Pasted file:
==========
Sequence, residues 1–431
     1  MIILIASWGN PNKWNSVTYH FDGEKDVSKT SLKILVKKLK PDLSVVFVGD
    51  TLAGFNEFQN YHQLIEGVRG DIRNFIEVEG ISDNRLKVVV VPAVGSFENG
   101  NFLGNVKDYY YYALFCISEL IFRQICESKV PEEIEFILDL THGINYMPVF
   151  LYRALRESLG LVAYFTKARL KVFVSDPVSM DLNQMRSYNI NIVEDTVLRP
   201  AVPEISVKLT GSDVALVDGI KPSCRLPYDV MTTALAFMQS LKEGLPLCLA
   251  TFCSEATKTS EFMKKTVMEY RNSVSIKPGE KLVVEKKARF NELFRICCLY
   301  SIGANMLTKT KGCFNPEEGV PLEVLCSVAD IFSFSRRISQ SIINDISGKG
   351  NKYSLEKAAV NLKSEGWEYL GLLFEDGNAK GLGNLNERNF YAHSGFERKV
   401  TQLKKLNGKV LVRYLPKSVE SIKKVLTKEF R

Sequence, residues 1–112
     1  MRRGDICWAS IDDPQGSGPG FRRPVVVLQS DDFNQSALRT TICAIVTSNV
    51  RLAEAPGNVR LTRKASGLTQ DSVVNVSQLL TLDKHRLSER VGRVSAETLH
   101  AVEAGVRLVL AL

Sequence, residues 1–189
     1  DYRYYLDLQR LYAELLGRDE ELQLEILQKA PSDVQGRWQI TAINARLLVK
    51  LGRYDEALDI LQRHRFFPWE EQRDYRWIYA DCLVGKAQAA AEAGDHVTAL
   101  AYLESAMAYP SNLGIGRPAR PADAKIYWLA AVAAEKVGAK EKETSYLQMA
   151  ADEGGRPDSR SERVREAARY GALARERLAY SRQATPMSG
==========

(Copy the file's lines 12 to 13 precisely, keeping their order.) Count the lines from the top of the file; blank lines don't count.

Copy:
     1  MRRGDICWAS IDDPQGSGPG FRRPVVVLQS DDFNQSALRT TICAIVTSNV
    51  RLAEAPGNVR LTRKASGLTQ DSVVNVSQLL TLDKHRLSER VGRVSAETLH